This course covers the device physics, underlying technology, and applications of Microflow Devices. These devices derive from the broad class of technology, called MEMS (MicroElectroMechanical Systems), or MST (MicroSystems Technology) as it is called in Europe and Asia. In a historical context, MEMS can be defined as the application of the fabrication technology developed for integrated circuit manufacture, to problems outside of IC physics, devices and technology. This application of microfabrication technology will lead to advancements in two ways: through the scaling of conventional or traditional flow products and devices, resulting in reduced size and cost, and increased performance; and, through the development of new techniques and devices unattainable at larger size scales.
Since the lead time for MEMS technology to reach the marketplace appears to be between 5 and 15 years, and given the acceleration in Microflow Device development starting around 1990, we expect to see many new products hitting the market in the next five years (through 2007). Such devices include gas distribution and control products for use in the manufacture of semiconductor integrated circuits. The course will have significant emphasis on this important aspect of Microflow Device Technology.
Course Outline and Learning Objectives:
While some familiarity with differential calculus will be helpful, a general, basic background in college physics and chemistry is all that is really required. However, the more quantitative your background, the more you will derive from the course.
In its broadest scope, the course will cover the physics and technology of Microflow Devices, according to the following schedule:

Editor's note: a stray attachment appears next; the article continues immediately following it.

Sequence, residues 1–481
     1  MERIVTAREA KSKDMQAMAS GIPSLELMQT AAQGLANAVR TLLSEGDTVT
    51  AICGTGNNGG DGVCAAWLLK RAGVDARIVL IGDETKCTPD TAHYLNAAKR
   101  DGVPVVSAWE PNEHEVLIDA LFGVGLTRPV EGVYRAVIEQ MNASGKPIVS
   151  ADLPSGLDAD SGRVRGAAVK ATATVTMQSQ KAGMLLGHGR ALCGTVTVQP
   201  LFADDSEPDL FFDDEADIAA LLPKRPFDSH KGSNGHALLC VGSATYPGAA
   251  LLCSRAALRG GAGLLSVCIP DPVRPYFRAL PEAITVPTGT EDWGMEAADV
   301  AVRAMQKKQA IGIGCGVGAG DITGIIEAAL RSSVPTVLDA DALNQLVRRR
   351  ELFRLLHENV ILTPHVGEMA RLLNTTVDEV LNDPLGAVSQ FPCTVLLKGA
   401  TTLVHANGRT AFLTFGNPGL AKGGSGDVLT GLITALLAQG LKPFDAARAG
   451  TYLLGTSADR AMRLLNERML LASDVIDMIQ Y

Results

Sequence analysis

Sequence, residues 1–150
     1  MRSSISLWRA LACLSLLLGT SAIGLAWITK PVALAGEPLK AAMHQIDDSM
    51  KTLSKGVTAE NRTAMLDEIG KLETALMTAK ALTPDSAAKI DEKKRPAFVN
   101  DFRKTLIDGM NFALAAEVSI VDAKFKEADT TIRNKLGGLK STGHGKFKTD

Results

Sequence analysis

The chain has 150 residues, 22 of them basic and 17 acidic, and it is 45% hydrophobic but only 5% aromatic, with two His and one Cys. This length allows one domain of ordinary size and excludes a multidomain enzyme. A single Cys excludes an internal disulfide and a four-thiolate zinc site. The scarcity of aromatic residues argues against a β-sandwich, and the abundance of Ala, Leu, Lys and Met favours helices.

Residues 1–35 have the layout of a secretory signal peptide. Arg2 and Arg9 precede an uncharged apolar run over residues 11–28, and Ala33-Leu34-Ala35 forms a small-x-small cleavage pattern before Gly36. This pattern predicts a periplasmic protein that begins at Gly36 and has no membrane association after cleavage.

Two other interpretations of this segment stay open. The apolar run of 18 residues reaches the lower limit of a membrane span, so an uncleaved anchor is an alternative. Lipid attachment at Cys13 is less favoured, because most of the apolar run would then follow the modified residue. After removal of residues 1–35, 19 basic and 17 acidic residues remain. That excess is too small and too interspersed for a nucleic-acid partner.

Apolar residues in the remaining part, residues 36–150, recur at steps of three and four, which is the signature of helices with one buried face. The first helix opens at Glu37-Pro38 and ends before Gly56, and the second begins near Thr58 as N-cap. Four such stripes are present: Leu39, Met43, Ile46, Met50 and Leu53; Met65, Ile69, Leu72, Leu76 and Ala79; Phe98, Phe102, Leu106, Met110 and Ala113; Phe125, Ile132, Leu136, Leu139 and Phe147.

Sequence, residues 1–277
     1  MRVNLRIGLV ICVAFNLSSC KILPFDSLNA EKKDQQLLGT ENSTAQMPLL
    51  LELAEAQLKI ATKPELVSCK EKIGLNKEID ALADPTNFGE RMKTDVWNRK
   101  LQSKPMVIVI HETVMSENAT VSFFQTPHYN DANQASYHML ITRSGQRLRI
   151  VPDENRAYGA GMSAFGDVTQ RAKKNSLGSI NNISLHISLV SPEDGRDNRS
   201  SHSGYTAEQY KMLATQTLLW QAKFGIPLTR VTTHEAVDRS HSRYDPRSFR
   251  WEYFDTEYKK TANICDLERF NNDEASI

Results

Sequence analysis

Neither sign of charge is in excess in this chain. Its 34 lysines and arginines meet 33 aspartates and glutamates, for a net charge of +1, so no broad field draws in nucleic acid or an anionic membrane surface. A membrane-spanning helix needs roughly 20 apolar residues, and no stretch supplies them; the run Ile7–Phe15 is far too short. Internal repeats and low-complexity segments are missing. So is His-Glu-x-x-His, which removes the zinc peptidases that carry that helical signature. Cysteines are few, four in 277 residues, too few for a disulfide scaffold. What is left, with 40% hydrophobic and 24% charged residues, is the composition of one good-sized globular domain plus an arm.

- Physics of flow (including review of thermodynamics and fluid mechanics principles)
- Quantitative description of base devices
- Quantitative description of integrated (higher-order) devices
- Process technology
Completion of this course should result in a deep appreciation of Microflow Devices at a qualitative level, including an appreciation for the constraints placed on device analysis by the assumptions which underlie models for flow. It should also initiate an ability to solve creatively quantitative problems requiring the application of such devices.
Who should take the course:
The course is intended for the following students and industry professionals:
- Students interested in integrated circuit and other microdevice process engineering
- Process engineers and process technicians involved in semiconductor and other microdevice fabrication and process development
- Equipment engineers and equipment technicians involved in semiconductor and other microdevice fabrication and equipment development
- In particular, process/equipment engineers and technicians involved in the control and distribution of gas flow for IC fabrication
- Students, scientists, and professionals interested in the science, technology, and business context of MEMS, and in Microflow Devices as a particular branch of MEMS